Dear Alice,

I have been bulimic for six years now. I have tried so many times to quit, but I always fail. When I eat I feel guilty about it sooo much that it is impossible not to purge. I feel so helpless. My boyfriend walked in on me the other day, and the look on his face broke my heart. I REALLY want to recover, but I need help. And I have no idea where to go. I will be a starting college this September, but I don't want to wait that long. I want help now.

Dear Reader,

Bulimia can be a serious and scary condition, but asking for help is a healthy decision and it sounds like you’re ready and motivated to make a change. The good news is that you don’t have to wait — a first step might be talking with your health care provider to help you determine the most effective treatment option(s) before the semester begins. Bulimia is a complicated condition and often the most effective way to treat it involves working with a team of health professionals to understand the different aspects of your disorder. Additionally, many universities have outpatient programs that include multi-disciplinary teams that specialize in treating eating disorders. This type of support may be a valuable resource for continued care when you transition back to school in the fall.

Regardless of whether you have tried to quit on your own or if you have been in a program, your frustration about not being able to quit is very common. Bulimia can be challenging to overcome, but it can be done — and you don’t have to do it alone. Treatment generally involves professionals such as psychologists, psychiatrists, social workers, dietitians, and/or health care providers. This may seem like a long list of professionals, but each one addresses a different aspect of health that may impact or be impacted by your condition. For example, if nutritional counseling is necessary, a dietitian can work with you to identify healthy food choices and work with you to establish a nutritious eating plan. In addition, the health professional team can create a personalized approach to treating bulimia, which could include various types of therapy (e.g., cognitive-behavioral therapy, group therapy, and/or support groups), antidepressant medication, or a combination of these options. Family therapy can also be a helpful aspect of the recovery process, as it helps the individual’s family understand the eating disorder and treatment goals, so they can provide additional support throughout this process.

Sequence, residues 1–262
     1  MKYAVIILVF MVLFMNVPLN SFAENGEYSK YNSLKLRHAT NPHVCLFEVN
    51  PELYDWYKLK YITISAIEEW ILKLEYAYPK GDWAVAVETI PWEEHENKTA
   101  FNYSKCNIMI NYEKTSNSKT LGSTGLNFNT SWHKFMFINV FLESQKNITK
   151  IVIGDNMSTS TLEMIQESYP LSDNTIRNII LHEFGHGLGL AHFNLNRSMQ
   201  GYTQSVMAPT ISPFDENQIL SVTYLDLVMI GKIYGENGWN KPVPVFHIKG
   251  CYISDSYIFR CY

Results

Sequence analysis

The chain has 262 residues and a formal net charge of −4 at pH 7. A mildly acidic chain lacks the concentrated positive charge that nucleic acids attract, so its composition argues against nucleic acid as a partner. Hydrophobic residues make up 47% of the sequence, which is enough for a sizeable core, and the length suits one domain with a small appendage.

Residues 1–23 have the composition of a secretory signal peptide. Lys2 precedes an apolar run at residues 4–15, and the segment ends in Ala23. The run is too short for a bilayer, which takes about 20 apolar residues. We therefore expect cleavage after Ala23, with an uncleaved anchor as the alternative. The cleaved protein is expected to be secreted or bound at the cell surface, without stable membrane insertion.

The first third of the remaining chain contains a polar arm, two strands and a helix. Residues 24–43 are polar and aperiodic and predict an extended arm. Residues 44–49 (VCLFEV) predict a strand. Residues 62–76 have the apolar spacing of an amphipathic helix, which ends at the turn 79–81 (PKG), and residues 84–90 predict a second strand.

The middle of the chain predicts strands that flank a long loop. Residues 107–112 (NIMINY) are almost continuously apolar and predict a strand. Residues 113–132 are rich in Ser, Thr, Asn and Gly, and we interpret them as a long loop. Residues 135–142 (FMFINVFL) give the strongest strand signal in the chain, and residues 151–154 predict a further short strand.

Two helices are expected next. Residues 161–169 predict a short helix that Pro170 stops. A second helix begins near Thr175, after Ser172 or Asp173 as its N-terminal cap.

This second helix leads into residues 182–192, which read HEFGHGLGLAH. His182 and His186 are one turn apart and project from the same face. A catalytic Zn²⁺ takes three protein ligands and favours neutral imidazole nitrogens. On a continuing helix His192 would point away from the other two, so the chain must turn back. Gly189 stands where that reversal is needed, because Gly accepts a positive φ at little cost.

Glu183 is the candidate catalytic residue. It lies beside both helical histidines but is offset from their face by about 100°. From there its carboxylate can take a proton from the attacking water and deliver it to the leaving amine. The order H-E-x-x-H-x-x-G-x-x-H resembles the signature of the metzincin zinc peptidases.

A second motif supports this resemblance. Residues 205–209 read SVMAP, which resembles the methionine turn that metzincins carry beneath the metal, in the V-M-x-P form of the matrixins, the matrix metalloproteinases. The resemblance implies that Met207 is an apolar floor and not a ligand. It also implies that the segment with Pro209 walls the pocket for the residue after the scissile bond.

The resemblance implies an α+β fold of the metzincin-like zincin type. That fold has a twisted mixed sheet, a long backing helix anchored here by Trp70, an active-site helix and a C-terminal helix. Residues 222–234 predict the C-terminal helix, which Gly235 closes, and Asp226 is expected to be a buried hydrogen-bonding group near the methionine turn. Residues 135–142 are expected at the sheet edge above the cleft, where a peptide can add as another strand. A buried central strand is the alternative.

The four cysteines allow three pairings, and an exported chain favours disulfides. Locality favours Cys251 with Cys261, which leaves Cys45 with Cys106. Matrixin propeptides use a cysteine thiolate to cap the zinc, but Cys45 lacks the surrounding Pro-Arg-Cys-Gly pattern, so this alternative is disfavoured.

Assessing how long you’ve been dealing with this issue and the severity of your case will likely determine the best type of program for you. Depending on your specific needs, there are a variety of programs set up to assist with disordered eating treatment, including outpatient and inpatient treatment programs. Outpatient treatment consists of community programs set up for people with eating disorders who are deemed medically stable and are able to remain in their own environments during treatment without risk to their health. While outpatient treatment alone is sufficient for many people dealing with bulimia, some may benefit from in-patient or residential treatment. Ideal candidates for in-patient treatment may be folks who have other conditions in addition to bulimia (e.g., depression or substance abuse) or those that may be caused by bulimia (e.g., severe dehydration or heart abnormalities). Regardless of your treatment method, follow-up contact with the health professional team has been shown to be beneficial for long-term recovery. If you want to learn more about disordered eating and different treatment avenues, the National Eating Disorders Association is a great resource for bulimia treatment options.

It takes a lot of courage to acknowledge that you need help and would like to recover. By taking these first steps, and by taking them in a measured, informed way, you will be on the path to finding a treatment plan that is most effective and begin the healing process.

Alice!

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